by Ellen Hopkins
Honestly, I have been avoiding reading this book since it came out. I know how controversial it is, and I know how much kids love it and that it never stays on the shelf for more than about a day. In fact, I had to ILL request it from Eagle Valley just to get a copy to read. There are two reasons that I have been avoiding reading this book: first, I really don’t like books written in verse. I’ve never been much of a poetry person, so I always assumed I’d hate books written in verse. Second, I’m pretty much the quintessential good girl and have zero desire to do or try drugs (thank you Nancy Reagan, for teaching me to give hugs not drugs).
Now that I’ve read the book, I will say that I’m glad I read it. I can see the appeal in the book and in the format. And I do believe that the format of the book enhances the reading experience. Though I am a self-proclaimed goody two-shoes and have never been on drugs, I did consult an acquaintance that has dabbled in the world of illegal substances and asked him to read some of the book. He said that being under the influence was sometimes like the writing in the book – somewhat choppy and all over the place. And did anyone else notice the hidden messages in some of the poems? In many of the entries, the words that are set apart tell their own little story. Take, for example the entry “GUFN Again”. The words set apart on the left side read “I didn’t belong to my mom anymore”. Another example is “I Went Home”. Down the right side reads “Scott insisted, Chase invited, Brendan inflated, Leigh instigated, Mom finally noticed, Bree swore”.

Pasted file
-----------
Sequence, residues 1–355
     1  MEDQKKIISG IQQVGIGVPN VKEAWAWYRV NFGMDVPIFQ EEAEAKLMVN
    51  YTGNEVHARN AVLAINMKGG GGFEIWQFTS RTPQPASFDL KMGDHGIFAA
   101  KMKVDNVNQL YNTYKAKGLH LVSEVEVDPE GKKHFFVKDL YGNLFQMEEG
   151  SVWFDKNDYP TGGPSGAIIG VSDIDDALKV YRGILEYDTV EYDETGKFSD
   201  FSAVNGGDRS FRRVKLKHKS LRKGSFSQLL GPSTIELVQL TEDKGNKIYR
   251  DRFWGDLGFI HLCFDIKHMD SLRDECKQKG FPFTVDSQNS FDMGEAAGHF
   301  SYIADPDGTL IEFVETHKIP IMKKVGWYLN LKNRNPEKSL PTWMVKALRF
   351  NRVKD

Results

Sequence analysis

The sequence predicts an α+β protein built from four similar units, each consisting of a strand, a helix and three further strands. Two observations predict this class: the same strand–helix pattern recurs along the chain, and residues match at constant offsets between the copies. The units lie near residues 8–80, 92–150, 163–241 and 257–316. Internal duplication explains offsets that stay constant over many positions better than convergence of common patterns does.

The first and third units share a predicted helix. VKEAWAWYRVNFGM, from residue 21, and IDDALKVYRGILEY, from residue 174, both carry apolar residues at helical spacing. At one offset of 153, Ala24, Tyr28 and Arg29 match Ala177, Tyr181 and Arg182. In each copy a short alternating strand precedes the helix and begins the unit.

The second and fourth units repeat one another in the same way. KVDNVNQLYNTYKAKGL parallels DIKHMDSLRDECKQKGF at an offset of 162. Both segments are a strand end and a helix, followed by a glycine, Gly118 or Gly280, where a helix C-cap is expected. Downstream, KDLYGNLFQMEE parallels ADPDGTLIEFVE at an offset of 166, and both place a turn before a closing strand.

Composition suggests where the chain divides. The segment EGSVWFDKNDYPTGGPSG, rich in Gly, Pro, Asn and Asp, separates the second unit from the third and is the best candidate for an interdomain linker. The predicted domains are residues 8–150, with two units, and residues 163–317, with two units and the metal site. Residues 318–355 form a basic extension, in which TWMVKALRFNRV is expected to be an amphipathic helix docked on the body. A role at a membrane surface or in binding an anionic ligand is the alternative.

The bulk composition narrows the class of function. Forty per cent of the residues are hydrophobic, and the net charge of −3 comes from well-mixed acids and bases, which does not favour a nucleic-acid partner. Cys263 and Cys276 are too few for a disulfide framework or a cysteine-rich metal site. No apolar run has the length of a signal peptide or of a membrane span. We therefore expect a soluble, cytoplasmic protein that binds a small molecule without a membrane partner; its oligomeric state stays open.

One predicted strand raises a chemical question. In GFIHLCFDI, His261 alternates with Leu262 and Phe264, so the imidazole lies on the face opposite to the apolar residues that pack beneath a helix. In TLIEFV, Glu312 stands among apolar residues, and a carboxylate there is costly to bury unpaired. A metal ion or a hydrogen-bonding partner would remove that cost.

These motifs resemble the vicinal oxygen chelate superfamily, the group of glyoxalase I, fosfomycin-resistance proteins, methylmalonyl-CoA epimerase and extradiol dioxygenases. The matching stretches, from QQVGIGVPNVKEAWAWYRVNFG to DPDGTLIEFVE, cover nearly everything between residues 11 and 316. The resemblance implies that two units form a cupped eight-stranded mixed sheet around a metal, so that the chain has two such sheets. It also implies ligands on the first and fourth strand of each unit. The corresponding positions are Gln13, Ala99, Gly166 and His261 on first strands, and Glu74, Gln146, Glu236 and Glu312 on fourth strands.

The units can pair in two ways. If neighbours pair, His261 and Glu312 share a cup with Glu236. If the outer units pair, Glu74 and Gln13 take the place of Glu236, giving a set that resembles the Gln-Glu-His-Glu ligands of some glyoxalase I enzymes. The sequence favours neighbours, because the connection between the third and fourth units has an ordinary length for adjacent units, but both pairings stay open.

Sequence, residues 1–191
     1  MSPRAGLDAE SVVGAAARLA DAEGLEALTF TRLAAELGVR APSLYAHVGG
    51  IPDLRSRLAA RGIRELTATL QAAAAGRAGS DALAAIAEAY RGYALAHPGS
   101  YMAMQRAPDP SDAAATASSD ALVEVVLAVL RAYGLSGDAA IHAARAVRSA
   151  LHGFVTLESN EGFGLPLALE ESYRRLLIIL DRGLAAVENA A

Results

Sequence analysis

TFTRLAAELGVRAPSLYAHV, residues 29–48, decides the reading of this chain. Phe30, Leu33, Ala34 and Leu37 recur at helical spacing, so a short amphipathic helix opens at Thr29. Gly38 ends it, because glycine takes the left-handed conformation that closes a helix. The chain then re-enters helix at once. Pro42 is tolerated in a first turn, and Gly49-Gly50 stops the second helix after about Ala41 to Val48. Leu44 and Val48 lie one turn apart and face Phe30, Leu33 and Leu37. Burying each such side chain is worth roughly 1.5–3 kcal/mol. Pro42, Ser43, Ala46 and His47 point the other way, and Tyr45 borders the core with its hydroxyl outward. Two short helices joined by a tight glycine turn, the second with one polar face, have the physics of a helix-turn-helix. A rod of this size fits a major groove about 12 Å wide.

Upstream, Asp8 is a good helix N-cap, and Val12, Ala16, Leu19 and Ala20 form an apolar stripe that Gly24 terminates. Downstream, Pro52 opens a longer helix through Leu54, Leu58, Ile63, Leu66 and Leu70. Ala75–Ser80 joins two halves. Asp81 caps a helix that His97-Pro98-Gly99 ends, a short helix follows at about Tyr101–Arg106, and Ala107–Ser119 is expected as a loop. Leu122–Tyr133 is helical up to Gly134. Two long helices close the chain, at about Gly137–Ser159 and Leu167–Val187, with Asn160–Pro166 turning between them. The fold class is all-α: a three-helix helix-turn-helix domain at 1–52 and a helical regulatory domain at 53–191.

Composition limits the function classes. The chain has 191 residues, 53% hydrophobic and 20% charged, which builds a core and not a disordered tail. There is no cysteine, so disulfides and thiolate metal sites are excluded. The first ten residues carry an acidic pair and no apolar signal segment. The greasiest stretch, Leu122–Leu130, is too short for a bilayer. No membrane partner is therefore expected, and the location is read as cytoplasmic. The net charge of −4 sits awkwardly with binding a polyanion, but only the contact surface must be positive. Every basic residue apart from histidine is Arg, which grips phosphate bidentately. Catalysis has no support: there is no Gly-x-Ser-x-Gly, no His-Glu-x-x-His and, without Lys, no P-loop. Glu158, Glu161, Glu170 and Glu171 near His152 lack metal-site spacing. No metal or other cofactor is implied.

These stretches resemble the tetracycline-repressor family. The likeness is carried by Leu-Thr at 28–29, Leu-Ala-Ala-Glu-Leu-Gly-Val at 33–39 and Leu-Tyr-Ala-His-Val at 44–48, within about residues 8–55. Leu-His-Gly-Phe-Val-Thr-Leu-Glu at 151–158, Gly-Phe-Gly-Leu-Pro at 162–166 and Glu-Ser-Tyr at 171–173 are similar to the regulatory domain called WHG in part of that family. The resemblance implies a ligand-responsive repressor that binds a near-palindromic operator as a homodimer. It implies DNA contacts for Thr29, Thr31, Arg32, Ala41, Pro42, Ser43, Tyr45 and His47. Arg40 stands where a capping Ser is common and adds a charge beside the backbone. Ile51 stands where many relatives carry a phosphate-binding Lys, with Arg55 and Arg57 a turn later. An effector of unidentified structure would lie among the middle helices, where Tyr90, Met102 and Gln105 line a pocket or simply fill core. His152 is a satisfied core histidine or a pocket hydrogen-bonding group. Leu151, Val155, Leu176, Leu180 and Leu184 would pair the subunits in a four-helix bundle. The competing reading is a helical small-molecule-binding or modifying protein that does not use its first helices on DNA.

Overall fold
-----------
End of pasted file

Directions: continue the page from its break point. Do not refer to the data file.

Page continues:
Though, as I said before, I’m glad I read the book, I cannot say that I enjoyed it. Not only did I start dreaming weird, verse-like dreams about drugs, the book left me with a very icky feeling every time I picked it up. I suppose that’s a good thing –Hopkins doesn’t glamorize the drug (or glamorizes it as little as she can) in order to show the truth about drugs to readers. And I am the one who is very much against happy endings that are unrealistic, so the ending – which leads readers to believe that Kristina/Bree is/was unable to stay away from meth after her son was born – made me appreciate the book more. But I found it really difficult to relate to Kristina/Bree. When she talked about her life pre-drugs, she didn’t make it sound terrible or horrible, so I have trouble understanding how she was so willing to throw it all away. But then again, I suppose that’s one of the risks of drugs that kids should think about/know about before they even try it once. In any case, this book will not go on my list of favorite reads ever.
When it comes to books in verse, I’m not sure this book would be as effective if it weren’t written in verse. However, I was a little afraid that I’d associate all books written in verse with this book, so I read Shakespeare Bats Cleanup by Ronald Koertge (Candlewick Press, 2003) and I actually liked it. So I promise I won’t give up on books written in verse completely. However, I probably won’t read anymore Hopkins books…sorry.